Be the man your father wanted you to be

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"Its funny. My dad has been gone now for thirteen years. Whatever I do, I still try to do it in a way which would make him proud. If I can be the man my dad wanted me to be, I am good with that. Then the rest just falls into place."

Okay ladies, this one might be more for men, but I think it is an important message to share with everyone. Yes, the main idea is for boys to grow into men who would make their father's proud. Not only proud, but knowing when your father sees how you act, what you do, how you treat women, he will know the training he gave you as a boy has paid off.
One of the most humbling things I have been told in my adult life was shortly after my dad had passed. My mother and I were chatting in the apartment we had just moved her into. Out of the blue she looked at me and said, "You know, your father was always proud of you. From the time you were in plays in high school and college, to your time in the Navy, your career, and your family." I was stunned. My dad and I always talked about stuff and chatted, but we never really "got deep". In other words, those were things he shared with his wife, but not with me.
I know I have made some mistakes and some missteps in my life. My imperfections run deep and wide. But to know that I turned out to be the man my dad wanted me to be, has more value to me than gold.
One of the things my dad would counsel me on starting when I was very young, was how to treat girls. And later on, how to treat women. My dad was noble, practiced chivalry, and was a gentleman. Not really uncommon in the "greatest generation". I watched my dad with amazement in how he dealt with people. A lover of people, he was always kind and had a very sharp sense of humor. Not a mean sense of humor, just a very funny one. It always put people at ease.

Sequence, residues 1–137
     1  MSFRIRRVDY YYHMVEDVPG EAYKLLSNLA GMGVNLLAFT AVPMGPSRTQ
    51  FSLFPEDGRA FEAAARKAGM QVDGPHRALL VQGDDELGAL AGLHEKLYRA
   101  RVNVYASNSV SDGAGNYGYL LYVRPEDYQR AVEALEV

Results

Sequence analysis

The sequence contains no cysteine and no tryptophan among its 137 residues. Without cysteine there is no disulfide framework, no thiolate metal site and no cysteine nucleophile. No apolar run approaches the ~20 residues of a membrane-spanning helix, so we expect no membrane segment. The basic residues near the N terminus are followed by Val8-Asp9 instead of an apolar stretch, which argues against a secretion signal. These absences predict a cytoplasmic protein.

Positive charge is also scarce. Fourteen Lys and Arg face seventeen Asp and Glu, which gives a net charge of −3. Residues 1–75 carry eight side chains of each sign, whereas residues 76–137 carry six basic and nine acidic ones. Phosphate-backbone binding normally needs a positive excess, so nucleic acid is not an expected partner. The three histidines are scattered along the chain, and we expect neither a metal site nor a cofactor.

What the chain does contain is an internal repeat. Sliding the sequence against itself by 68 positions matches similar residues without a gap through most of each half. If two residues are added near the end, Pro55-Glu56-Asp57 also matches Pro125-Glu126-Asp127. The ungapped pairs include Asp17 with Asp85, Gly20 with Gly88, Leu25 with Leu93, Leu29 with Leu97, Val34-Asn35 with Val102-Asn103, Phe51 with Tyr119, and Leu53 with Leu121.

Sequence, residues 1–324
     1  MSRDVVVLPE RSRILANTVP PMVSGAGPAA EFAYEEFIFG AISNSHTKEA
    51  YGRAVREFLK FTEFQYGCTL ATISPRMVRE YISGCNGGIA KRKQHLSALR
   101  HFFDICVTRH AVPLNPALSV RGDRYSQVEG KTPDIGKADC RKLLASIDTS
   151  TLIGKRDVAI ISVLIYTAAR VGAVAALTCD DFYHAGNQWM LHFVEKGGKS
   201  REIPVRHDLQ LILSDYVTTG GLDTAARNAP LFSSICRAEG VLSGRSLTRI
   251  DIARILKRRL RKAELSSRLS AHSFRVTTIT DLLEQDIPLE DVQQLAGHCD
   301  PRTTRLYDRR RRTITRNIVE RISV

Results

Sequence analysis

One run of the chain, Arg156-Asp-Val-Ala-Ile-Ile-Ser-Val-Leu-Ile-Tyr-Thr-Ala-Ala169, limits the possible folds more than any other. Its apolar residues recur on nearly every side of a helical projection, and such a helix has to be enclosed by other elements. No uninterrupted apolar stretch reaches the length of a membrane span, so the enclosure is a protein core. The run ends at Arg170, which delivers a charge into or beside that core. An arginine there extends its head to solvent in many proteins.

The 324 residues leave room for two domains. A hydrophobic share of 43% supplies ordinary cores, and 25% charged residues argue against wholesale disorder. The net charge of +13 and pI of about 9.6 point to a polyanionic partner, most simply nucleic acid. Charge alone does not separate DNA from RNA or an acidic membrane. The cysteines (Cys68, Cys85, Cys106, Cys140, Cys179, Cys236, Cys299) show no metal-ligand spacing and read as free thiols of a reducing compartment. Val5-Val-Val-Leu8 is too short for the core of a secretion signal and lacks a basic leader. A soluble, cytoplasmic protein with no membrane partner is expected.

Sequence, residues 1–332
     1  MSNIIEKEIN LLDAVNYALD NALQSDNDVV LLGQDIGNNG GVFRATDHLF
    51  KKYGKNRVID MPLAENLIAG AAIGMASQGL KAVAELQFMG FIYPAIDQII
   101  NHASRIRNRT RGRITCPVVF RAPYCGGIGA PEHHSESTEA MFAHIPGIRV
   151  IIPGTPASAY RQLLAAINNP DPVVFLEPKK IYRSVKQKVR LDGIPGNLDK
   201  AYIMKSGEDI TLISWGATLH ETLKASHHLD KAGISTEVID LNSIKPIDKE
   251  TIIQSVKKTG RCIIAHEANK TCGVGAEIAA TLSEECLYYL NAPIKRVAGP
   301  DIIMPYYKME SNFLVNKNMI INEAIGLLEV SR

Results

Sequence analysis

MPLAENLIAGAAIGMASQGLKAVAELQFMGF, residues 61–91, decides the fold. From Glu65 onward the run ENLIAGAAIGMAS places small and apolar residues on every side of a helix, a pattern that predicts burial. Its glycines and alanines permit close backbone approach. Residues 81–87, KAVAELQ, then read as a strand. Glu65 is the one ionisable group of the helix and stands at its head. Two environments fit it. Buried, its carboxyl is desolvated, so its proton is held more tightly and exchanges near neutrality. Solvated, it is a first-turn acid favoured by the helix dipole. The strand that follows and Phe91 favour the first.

Why do I think of this now, when I am in my late 60's? For this reason. With all we have been hearing about the tawdry ways some men have been treating women as of late, I think about that nagging question. Is this the way their father's wanted them to be? Would their fathers be proud of them? Are they speaking to other women with the same respect they give to their wives? How about their mothers?
Why is important to have both a mother and father in the home? They both teach us different yet equally important things. Each day as we grow, we model our behavior after something they do. For young boys, the modeling they get from dad is especially important.
One more thing which is on the other side of the coin. I was blessed to have a great dad. Some are not. We can learn as much from bad behavior as we can from good. Many fine men I have known in my life who grew up in a troubled home told me they made a decision early in life they would not repeat their dad's mistakes. And they didn't.
Its funny. My dad has been gone now for thirteen years. Whatever I do, I still try to do it in a way which would make him proud. If I can be the man my dad wanted me to be, I am good with that. Then the rest just falls into place.